The first act was Jabon, an elusive demon from the 20 dimensions whose only purpose it seems was to tell jokes and make everyone dance. Smoke began pouring out from the podium situated in front of the stage, while foreboding white noise blared from the astral plane produced by the array of electronic boxes on top of the podium. After a good minute or so of the looped noise, a masked and hooded character wearing black sneakers casually walked out and stood behind the podium. What followed was a soundtrack for a land of malfunctioning machinery with Jabon acting as a channeler for electronic ghosts.
With his uncomfortable swaying and random posturing (perhaps he was also channeling the spirit of Hulk Hogan), Jabon’s presence would have been memorable enough alone. Even better was that he is also a skilled electronic darkwave DJ. Throw in a touch of stand-up comedy for good measure and you have a one of a kind performance piece. Tonight, the comedy was the horrors of books on tape outtakes… from cassette, as Jabon so adamantly pointed out. Stars such as Kirk Douglas and David Dukes (not the former KKK leader, the other one) messing up lines and having coughing fits while interspersed with laugh tracks were enough to make even the most jaded hipster crack a smile.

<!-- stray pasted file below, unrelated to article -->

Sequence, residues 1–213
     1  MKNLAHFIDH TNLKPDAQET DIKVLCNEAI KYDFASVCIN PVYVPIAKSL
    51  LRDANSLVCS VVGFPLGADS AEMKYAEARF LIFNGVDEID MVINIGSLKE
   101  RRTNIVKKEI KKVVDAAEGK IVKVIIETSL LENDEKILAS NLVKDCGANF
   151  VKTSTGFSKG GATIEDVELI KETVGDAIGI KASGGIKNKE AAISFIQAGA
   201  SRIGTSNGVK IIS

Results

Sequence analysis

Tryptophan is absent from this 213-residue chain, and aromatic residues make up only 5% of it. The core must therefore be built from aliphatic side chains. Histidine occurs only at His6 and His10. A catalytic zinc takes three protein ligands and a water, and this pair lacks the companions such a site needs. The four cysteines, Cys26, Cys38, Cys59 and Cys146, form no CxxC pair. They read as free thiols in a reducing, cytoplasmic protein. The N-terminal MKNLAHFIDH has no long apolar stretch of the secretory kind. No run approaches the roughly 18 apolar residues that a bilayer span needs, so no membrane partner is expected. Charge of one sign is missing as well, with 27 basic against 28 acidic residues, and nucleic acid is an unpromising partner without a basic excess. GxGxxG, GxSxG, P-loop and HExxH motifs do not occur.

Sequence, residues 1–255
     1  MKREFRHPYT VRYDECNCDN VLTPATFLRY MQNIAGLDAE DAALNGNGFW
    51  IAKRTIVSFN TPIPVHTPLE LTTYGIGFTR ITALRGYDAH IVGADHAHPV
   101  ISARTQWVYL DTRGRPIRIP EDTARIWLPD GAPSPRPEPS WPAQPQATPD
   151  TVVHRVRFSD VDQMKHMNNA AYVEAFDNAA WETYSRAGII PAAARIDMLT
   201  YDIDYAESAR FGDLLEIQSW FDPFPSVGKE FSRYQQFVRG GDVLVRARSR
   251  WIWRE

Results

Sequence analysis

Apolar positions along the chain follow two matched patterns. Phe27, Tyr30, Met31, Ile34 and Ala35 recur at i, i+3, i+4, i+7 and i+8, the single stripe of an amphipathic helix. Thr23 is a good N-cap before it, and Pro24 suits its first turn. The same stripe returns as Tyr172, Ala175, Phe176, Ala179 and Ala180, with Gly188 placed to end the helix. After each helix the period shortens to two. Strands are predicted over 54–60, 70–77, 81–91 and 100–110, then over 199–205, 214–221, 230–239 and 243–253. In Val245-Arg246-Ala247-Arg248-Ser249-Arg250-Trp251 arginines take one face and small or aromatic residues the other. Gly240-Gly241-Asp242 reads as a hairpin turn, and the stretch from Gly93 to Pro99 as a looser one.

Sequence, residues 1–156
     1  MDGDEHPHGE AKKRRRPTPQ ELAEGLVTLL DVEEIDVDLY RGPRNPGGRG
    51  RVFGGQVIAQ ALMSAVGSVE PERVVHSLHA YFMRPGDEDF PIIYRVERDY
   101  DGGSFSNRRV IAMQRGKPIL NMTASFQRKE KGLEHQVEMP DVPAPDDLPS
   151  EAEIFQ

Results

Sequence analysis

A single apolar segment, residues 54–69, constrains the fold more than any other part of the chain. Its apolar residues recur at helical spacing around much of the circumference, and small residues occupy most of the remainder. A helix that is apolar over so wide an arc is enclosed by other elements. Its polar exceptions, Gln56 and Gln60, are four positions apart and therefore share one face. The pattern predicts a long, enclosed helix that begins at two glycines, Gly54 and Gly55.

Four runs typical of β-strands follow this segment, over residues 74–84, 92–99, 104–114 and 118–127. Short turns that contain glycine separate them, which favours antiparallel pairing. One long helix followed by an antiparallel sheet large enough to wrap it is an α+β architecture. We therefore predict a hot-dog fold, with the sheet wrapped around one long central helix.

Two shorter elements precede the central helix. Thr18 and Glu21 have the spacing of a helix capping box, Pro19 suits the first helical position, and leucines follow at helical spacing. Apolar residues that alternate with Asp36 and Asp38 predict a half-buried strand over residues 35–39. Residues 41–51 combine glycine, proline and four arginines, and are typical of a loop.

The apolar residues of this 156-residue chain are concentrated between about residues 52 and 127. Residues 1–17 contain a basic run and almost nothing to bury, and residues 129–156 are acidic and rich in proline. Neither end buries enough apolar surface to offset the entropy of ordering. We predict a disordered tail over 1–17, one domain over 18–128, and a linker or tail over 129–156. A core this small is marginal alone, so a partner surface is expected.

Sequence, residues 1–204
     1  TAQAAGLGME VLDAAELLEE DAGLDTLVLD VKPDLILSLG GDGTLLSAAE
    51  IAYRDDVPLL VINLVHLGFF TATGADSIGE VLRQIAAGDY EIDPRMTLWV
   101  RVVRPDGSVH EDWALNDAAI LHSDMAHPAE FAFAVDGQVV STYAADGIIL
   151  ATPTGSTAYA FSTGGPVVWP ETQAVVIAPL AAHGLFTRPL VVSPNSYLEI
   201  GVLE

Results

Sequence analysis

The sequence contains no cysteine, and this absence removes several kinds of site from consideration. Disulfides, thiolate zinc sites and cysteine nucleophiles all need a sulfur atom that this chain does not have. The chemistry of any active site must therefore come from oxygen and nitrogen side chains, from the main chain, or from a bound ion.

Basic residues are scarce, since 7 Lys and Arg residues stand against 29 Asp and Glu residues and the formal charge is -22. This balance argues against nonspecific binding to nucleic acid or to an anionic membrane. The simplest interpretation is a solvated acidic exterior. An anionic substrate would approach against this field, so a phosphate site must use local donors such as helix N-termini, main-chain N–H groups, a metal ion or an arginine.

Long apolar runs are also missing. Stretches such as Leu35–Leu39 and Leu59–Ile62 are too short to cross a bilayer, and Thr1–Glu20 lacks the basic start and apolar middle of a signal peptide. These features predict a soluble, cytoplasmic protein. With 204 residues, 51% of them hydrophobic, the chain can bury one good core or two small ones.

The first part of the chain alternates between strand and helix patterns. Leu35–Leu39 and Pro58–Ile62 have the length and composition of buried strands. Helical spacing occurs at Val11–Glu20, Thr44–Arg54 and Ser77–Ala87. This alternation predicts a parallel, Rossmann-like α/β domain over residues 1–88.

Which really is no surprise given Scott Colburn’s credentials. When he’s not creating electronic music from another dimension, Colburn moonlights as a renowned engineer/producer. His work with the Sun City Girls and Mudhoney attracted the attention of Animal Collective, who tracked him down to engineer their sixth and seventh albums, Feels and Strawberry Jam.